Hillary Clinton’s Gun Control Agenda Exposed in Wikileaks Emails

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Top Tier Gear USA


There is no doubt about it. Hillary Clinton is after your guns.

Brian Fallon, national press secretary for the Clinton campaign, wrote in an email dated October 4, 2015 that Clinton intends to stop the “gun show loophole”, meaning all private gun sales, by executive order:

Circling back around on guns as a follow up to the Friday morning discussion: the Today show has indicated they definitely plan to ask bout guns, and so to have the discussion be more of a news event than her previous times discussing guns, we are going to background reporters tonight on a few of the specific proposals she would support as President – universal background checks of course, but also closing the gun show loophole by executive order and imposing manufacturer liability.

Imposing manufacturer liability means that after Sandy Hook, Bushmaster and Remington Arms would have been prosecuted for having a hand in the murder of children and school staff members for firearms that were legally sold. When a lawsuit brought against these manufacturers was found to be frivolous, Clinton made a big fuss about it on Twitter:

In September 1993 during a Senate Finance Committee hearing, Hillary Clinton was asked by Senator Bill Bradley if she supported a 25 % sales tax on handguns and automatic weapons. She was very clear in her support of taxing guns:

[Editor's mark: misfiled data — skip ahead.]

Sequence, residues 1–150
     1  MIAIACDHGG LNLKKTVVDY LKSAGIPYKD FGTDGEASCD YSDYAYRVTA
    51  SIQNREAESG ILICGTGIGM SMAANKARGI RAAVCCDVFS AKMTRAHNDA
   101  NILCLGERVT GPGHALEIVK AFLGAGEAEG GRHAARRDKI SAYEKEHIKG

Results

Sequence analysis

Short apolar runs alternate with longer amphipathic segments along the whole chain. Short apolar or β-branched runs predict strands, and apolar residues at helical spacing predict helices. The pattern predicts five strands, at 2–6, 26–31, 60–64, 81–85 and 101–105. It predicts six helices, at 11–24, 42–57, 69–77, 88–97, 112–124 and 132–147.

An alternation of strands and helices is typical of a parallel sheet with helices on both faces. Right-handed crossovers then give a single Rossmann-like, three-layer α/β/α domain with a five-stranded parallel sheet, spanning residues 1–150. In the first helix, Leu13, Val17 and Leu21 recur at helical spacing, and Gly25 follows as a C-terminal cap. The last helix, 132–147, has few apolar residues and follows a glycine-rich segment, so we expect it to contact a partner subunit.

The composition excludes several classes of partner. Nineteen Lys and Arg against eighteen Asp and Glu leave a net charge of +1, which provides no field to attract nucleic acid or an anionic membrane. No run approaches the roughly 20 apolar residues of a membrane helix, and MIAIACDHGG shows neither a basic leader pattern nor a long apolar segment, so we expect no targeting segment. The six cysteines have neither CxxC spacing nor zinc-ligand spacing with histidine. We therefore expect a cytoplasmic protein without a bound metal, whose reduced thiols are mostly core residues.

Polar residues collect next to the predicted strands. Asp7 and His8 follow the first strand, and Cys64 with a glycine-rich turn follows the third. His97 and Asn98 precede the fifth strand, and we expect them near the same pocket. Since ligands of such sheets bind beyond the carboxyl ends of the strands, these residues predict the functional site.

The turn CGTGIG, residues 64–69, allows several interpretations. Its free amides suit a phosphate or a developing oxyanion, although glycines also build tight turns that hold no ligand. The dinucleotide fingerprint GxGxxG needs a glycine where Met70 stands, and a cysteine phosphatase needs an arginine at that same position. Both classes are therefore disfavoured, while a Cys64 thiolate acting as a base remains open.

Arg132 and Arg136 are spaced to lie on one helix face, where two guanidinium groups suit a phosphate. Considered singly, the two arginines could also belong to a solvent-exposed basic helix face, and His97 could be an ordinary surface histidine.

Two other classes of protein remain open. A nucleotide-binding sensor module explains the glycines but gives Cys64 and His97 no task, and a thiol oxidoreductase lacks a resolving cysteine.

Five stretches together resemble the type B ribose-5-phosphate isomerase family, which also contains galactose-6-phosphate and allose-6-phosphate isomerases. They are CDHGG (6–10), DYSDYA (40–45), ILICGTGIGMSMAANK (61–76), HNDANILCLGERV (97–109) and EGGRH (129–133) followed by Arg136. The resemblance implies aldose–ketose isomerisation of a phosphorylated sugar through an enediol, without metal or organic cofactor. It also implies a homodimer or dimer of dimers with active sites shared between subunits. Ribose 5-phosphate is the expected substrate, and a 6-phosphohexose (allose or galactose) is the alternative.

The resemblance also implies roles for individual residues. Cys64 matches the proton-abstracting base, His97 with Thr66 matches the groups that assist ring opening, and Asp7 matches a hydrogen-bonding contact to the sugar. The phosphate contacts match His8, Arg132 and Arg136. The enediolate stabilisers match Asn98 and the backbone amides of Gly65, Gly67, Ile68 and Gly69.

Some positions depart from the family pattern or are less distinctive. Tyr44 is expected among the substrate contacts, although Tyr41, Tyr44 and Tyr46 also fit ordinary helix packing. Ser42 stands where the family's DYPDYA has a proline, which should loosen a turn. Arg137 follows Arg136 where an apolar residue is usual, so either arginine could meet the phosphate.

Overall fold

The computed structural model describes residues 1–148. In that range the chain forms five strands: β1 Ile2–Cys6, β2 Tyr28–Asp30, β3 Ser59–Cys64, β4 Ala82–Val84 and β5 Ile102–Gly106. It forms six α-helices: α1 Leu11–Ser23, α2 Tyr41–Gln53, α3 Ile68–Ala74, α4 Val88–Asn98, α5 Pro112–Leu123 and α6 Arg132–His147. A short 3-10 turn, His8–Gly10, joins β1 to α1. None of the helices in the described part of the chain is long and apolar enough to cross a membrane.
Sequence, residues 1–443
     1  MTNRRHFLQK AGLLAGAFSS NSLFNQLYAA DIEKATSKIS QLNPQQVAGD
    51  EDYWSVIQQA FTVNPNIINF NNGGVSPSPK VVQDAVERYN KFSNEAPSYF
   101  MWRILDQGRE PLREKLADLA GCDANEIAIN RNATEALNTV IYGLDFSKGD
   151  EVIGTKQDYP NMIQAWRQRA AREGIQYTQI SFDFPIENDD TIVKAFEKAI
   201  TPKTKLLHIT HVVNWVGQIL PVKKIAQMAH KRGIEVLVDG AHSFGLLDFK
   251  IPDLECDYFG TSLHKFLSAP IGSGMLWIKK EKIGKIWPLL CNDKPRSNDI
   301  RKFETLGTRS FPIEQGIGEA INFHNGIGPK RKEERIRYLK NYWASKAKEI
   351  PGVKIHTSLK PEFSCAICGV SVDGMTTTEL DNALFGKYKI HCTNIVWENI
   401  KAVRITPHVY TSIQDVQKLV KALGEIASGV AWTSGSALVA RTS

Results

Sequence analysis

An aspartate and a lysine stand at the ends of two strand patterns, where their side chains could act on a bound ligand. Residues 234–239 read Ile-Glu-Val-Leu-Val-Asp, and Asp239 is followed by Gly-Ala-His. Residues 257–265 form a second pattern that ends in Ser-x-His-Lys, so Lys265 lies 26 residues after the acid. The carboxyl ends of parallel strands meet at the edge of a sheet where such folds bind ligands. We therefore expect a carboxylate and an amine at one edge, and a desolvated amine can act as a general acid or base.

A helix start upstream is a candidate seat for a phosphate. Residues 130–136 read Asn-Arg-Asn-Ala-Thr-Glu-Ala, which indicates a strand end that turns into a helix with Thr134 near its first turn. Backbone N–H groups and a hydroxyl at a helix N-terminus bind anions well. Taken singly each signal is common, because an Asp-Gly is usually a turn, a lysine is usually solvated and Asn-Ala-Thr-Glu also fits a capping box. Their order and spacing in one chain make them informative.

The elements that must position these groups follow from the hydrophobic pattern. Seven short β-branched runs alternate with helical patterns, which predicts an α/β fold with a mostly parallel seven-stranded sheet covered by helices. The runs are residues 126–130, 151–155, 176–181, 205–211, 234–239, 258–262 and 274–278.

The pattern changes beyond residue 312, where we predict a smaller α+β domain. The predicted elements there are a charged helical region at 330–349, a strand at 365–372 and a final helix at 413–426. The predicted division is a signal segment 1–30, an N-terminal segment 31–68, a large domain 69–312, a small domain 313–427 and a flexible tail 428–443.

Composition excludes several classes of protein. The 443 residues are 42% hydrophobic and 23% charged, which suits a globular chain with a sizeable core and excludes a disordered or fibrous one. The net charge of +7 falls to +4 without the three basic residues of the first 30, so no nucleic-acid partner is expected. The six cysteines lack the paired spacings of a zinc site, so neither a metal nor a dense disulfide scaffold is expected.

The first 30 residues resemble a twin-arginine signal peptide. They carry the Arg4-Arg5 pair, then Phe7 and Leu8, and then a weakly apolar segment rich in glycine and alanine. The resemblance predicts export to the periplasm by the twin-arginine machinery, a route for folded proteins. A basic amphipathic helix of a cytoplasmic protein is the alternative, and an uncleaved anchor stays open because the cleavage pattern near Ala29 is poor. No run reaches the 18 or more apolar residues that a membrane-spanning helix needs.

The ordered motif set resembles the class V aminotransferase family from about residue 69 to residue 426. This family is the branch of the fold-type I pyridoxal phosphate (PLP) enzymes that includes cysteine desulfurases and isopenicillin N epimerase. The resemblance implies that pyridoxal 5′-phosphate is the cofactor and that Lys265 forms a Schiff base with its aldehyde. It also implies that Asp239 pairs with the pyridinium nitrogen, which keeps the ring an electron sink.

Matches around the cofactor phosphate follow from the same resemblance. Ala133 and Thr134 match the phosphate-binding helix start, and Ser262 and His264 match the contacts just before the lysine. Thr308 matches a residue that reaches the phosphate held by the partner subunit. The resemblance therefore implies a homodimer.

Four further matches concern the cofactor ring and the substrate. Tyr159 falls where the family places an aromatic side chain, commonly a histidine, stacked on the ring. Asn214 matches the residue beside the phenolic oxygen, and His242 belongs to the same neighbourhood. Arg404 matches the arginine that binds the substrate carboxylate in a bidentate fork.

“I’m all for that. I just don’t know what else we’re going to do to try to figure out how to get some handle on this violence,” said Clinton. “I’m speaking personally, but I feel very strongly about that.”

In another email exchange dated January 14, 2016, Clinton wrote about using racial division to further her gun control agenda by selectively ignoring occurrences of gun violence that were not racially motivated. For this reason, according to the email, the Clinton campaign did not include the story of Jordan Davis in an essay on gun violence:

This is great. My edits are attached. The only flag here is that Jordan Davis was killed by a white man, so arguably – this crime was racially motivated, which takes this outside the discussion of gun violence. Was there another mother in the Chicago meeting where the shooting was NOT racially motivated? If yes, we should use that story instead of Jordan Davis.

In another email from March 17, we see an exchange about how to attack Donald Trump and a press call with Arizona locals about gun control. When asked about an anti-gun op-ed article by the Clinton Campaign, Chairman John Podesta wrote that he fears blowback from Clinton’s supporters:

Interestingly, I am worried about blowback from our supporters.

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  • SexualMustard

    From my cold, dead fingers.

    • The_Ipcress_File

      that might actually be a part of her plan.

    • Sovereign_Citizen

      Over her cold dead body will we step after she tries anything.

  • Rayven Wrathchild

    More people are killed in and by cars by hostile/incompetent drivers than guns….

    What if Shillary had said :

    “It’s incomprehensible that our laws would protect car makers over Sandy Hook families. We need to fix this. ”

    The gun killed no one… it was the person with the gun. I can then apply that logic to baseball bats, bricks, hammers…..blah blah blah.

    She’s an evil warmonger that is scared the Mosul Sniper might show up for her. It”s not about protecting anyone but herself.

  • Sovereign_Citizen